No, to people spinning this talking point, it’s all about taxes and welfare and Those People, who Just Don’t Want to Work For a Living. Under this argument, San Francisco and New York should be on the canvas by now, but whatever.

So here is Donald Trump, standing in front of a couple thousand mostly affluent white people, dressed in suits and ties and dresses and pantyhose, telling them they live in a shithole of misery:

In short, the city of Detroit is the living, breathing example of my opponent’s failed economic agenda. Every policy that has failed this city, and so many others, is a policy supported by Hillary Clinton.

She supports the high taxes and radical regulation that forced jobs out of your community…and the crime policies that have made you less safe…and the immigration policies that have strained local budgets…and the trade deals like NAFTA, signed by her husband, that have shipped your jobs to Mexico and other countries… and she supports the education policies that deny your students choice, freedom and opportunity.

Shipped whose jobs to Mexico? Not these people’s jobs. In fact, they did the shipping. Education policies that support choice have been well-established in Michigan for decades now, pushed and supported by Republicans. And immigration policies? That’s rich, considering this place was about as spicy an immigrant stew as you could find outside of Ellis Island, and still is. They couldn’t have run those giant factories with the Trump kids; they needed people willing to get dirty and work hard for a little bit of money, and then a little bit more.

So you can see right there that he’s losing me.

But then the hecklers started. These were Code Pink-types who’d stand up, start screaming and be hustled out by security. One after another, all but one women. They started before that passage above, in fact, when he was still in his thanks-for-inviting-me pleasantries, and continued, every few minutes, for about the first half hour. With each ejection, the cheering got louder. He started winning the crowd, not for the mumbo-jumbo coming out of his mouth, but because the people who got in to yell at him were worse.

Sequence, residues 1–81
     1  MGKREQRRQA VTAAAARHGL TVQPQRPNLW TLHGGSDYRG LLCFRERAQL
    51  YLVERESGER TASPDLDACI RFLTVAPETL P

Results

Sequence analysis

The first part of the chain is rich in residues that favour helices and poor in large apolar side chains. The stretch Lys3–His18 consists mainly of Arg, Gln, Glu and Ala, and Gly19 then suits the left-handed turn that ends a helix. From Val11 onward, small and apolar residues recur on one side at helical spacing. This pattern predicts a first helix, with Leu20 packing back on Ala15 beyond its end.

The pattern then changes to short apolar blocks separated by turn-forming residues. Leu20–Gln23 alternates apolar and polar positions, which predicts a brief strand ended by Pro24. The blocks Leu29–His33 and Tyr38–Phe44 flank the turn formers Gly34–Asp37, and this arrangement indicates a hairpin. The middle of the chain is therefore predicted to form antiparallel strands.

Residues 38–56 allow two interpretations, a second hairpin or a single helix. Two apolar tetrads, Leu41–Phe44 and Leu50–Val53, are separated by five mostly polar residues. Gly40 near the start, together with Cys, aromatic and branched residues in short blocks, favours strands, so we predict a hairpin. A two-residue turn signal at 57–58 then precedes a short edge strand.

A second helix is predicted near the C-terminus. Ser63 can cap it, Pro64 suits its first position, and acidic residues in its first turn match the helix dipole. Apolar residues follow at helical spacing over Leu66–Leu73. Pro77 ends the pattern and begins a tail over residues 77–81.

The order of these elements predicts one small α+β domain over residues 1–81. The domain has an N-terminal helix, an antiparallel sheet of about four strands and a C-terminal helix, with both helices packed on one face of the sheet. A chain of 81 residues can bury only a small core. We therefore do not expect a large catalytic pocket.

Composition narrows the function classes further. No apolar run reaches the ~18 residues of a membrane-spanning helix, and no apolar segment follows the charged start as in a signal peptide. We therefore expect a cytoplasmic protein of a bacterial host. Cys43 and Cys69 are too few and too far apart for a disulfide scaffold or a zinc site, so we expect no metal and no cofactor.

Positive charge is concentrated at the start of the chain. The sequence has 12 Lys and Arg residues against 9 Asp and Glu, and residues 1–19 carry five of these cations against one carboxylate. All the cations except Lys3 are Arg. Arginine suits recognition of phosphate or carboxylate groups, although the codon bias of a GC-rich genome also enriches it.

I know the DEC was embarrassed by this. Tickets are not available to the general public, although members can bring guests. They don’t do shit like this, especially to national figures. As the ejections went on and on — 14 in all — it only made Trump look better, because he didn’t react. He just stood mute until the shouter was outside, then went on.

And he did go on. There was a laundry list of promises, mostly latter-day Reaganomics. Tax cuts, of course:

I am proposing an across-the-board income tax reduction, especially for middle-income Americans. This will lead to millions of new good-paying jobs.

How? As Boon said to Otter: Forget it, he’s rolling.

Three brackets instead of seven. A top corporate rate of 15 percent. All from the GOP wish list. This was a big applause line:

Finally, no family will have to pay the death tax. American workers have paid taxes their whole lives, and they should not be taxed again at death – it’s just plain wrong. We will repeal it.

An auditorium full of people whose net worth put them in estate-tax territory loved that one.

On it went. Coal’s coming back. So is steel. American steel is going to “send new skyscrapers soaring.” It’s going into “the spine of this nation.” By now he’s in the last-20-minutes-in-Cleveland mode:

We can’t fix a rigged system by relying on the people who rigged it in the first place.

We can’t solve our problems by relying on the politicians who created them.

Only by changing to new leadership, and new solutions, will we get new results.

We need to stop believing in politicians, and start believing in America.